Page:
Vintage Fender Amps


1953 Fender Princeton1953 Fender Princeton

Wide panel model, 5B2 circuit. 4.5 watts of power. Has a great warm tone, very similar to George Harrison's sound on Beware of ABKCO! A great practice amp at low volumes.







1954 Fender Pro1954 Fender Pro

This tweed Fender Pro is from 1954 and uses the 5D5 circuit. This model is still cathode biased, so it sounds a bit like a big tweed Deluxe. The speaker is a Jensen but appears to be from 1961.

1954 Fender Bassman1954 Fender Bassman

After looking for one of these for years, I ran across one locally. It's a little beat up, but it's been returned to vintage specs and works perfectly. This is the rare version with dual rectifiers. Can't get a bad sound out of this thing.

1956 Fender Champ1956 Fender Champ

5E1 circuit with a 6 inch speaker. Replaced speaker since the original Jensen gave out not long after I bought it. A little boxier sounding than the models with the 8 inch speakers, but the overdrive is stronger.




1958 Fender Champ1958 Fender Champ

5F1 circuit with a 8 inch speaker. This one looks like it spent too many years in a bar!








1960 Fender Concert1960 Fender Pro

A rare early Fender Concert amp from June 1960 with the 5G12 circuit. It has the same output transformer as the tweed Bassman. The Vibrato channel sounds similar to my blonde Bandmaster but the normal channel is darker and entirely different.







1960 Fender Pro1960 Fender Pro

This brownface Fender Pro is from early 1960. It still has the tweed grill cloth and the 5G5 tube chart. With 40 watts of power and a non-original JBL D130F speaker, it really puts out the volume. The tremolo sounds like a Univibe!







1960 Fender Super1960 Fender Super

An early brownface Fender Super from August 1960. It appears to be a transitional amp since it has a 5G4 tube chart and tweed grill cloth, yet has the six preamp tubes from the 6G4 circuit. Despite the extra preamp tube, the tremolo has the more subtle sound of the 5G* circuits. The normal channel is noticeably louder than the vibrato channel, which appears to be standard for these amps.





1962 Fender Bandmaster1962 Fender Bandmaster

This blonde Bandmaster uses the 6G7-A circuit which includes the harmonic tremolo. Sounds great! The bass and tremolo are strong enough to rattle windows.







1962 Fender Tremolux1962 Fender Tremolux

6G9-B circuit, about 30-35 watts. The bias-modulating tremolo sounds great. Since it utilizes the power tubes, the tremolo is available on both channels.







1964 Fender Bassman 6G6-B1964 Fender Bassman

This was the second vintage amp I bought. This is a transitional Bassman model with the white knobs combined with black tolex. The 6G6-B circuit was the last Bassman circuit to have a presence control.






1964 Fender Bassman AA8641964 Fender Bassman

I got this Bassman with my 1966 Fender Electric XII guitar. This one has the more desirable AA864 circuit. The Bass channel is great for guitar as well, just a thicker tone. A much louder amp than the 6G6-B version I have.






1965 Fender Bandmaster1965 Fender Bandmaster

1965 Fender Bandmaster, AB763 circuit, 40 watts of power into 4 ohm cabinet. Lots of clean headroom, with the normal channel having a bit more power and an additional gain stage. Not much wear and tear on this amp, but someone did etch their social security number into the back of it!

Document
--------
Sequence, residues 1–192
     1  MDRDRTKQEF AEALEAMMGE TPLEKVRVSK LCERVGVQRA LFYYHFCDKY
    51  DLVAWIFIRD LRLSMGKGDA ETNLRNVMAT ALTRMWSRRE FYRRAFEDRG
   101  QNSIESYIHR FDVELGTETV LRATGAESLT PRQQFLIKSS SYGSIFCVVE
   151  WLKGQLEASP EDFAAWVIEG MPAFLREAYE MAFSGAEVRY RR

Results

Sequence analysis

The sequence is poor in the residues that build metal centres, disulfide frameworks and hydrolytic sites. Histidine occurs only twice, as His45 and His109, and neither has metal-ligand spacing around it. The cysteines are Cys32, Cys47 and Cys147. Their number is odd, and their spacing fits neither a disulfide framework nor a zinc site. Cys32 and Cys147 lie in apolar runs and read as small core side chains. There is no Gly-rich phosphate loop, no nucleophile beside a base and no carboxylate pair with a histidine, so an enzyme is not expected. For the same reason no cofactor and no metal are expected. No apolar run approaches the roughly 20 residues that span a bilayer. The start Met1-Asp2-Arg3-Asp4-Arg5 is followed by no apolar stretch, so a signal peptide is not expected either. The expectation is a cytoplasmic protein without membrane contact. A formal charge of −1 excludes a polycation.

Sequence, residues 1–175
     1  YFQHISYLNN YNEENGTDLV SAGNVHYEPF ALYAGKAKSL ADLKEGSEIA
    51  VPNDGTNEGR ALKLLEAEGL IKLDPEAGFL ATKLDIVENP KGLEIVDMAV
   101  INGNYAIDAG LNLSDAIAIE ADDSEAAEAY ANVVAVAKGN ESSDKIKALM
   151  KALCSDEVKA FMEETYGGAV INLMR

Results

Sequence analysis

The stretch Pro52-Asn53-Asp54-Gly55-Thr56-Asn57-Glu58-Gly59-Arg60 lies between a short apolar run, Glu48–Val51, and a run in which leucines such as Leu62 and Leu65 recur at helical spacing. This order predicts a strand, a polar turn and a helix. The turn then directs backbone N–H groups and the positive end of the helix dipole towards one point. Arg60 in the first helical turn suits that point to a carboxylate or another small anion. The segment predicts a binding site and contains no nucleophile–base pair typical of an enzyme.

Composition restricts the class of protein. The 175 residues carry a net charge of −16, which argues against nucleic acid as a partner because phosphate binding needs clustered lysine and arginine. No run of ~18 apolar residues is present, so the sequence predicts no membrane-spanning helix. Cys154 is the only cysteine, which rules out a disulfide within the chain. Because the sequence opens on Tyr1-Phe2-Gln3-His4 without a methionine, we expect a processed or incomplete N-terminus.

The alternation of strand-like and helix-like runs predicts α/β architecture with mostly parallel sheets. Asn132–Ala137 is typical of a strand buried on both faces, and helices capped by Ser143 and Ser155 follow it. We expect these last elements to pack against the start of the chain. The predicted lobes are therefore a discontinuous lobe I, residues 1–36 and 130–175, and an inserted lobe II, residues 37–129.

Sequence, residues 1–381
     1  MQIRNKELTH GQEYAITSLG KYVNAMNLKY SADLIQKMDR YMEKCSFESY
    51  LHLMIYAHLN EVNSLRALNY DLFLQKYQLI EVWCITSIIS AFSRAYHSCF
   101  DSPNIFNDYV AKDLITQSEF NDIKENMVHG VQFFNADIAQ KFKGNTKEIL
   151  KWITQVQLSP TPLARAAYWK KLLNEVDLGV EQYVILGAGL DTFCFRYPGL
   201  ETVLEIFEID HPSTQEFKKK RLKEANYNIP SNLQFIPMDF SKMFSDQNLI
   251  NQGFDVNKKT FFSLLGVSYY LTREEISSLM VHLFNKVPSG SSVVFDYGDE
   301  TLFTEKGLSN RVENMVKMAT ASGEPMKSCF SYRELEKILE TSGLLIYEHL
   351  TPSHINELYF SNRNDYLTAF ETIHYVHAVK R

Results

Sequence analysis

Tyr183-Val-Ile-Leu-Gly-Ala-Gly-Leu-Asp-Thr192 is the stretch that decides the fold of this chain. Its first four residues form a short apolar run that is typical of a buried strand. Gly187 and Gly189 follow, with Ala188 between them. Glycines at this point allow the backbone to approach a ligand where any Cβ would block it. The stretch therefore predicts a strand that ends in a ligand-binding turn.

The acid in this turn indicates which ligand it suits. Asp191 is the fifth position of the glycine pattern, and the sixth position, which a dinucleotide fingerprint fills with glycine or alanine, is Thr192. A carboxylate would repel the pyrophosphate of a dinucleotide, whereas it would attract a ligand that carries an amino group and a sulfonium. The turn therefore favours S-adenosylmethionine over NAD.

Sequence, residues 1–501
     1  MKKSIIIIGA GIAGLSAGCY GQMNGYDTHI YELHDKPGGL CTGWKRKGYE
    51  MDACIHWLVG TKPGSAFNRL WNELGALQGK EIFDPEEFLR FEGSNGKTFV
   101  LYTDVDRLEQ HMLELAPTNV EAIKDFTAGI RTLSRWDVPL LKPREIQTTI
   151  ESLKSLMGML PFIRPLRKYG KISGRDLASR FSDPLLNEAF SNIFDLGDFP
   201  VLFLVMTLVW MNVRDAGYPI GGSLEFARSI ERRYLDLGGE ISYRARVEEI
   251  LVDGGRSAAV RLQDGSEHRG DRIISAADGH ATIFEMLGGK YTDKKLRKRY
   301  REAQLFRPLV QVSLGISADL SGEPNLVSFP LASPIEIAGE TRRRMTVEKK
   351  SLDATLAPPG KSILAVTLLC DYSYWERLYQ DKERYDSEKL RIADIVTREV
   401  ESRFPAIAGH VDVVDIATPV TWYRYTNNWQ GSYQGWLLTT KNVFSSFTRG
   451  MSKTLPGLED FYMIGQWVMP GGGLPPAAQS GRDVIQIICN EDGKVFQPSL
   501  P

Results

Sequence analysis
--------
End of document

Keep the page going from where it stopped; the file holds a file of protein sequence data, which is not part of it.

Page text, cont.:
1966 Fender Super Reverb1966 Fender Super Reverb

One of my favorites. Great cleans, thick overdrive, heavy bass response. 40 watts of power into 2 ohm load. For some reason the grill cloth was installed sideways on this one.







1968 Fender Bandmaster Reverb1968 Fender Bandmaster Reverb

These are a great bargain. TFL5005-D model. It is pretty close to a Super Reverb with a smaller output transformer, for about half the price. This one is in great shape, just needed some cracked soldering fixed and a bad preamp tube replaced. 40 watts of power at 4 ohms, two channesl (normal and bright).






1968 Fender Bassman1968 Fender Bassman

A drip-edge Bassman head from 1968. A loud 50 watts into a 4 ohm cabinet. This one gets loud very quickly. When I found it, there was no cabinet included so I usually run it into one of my other Bassman cabinets.







1973 Fender Twin Reverb1973 Fender Twin Reverb

100 watts of clean power. I'm not sure if it is any louder than the 85 watt black face versions, but it is more than loud enough. The back of the amp shows that it was part of Studio Instrument Rentals in Los Angeles at some point.







1970s Fender Bassman 501970s Fender Bassman 50

Early to mid-1970s Fender Bassman 50. It came with the large 2 x 15 cabinet. The guy who sold it to me said it was rumored to have been used on stage by the Beach Boys during the 1970s. I had it modded to be closer to AA864 specs.





1970s Fender Champ1970s Fender Champ

This one is from the early 70s. 6 watts of power, one channel. The circuit (AA764) was unmodified for around 18 years starting in 1964, so you don't need to spend extra money on one from the blackface era to get a great sounding amp. I've heard that the cabinets were made from cheaper materials after the mid 70s, but I'm not sure how much that affected the sound.





1970s Fender Deluxe Reverb1970s Fender Deluxe Reverb

A Fender Deluxe Reverb from around 1974-75. The Fender logo doesn't have the tail, but the grill cloth is the blue sparkle version without the orange. A loud 22 watts of power into an 8 ohm speaker.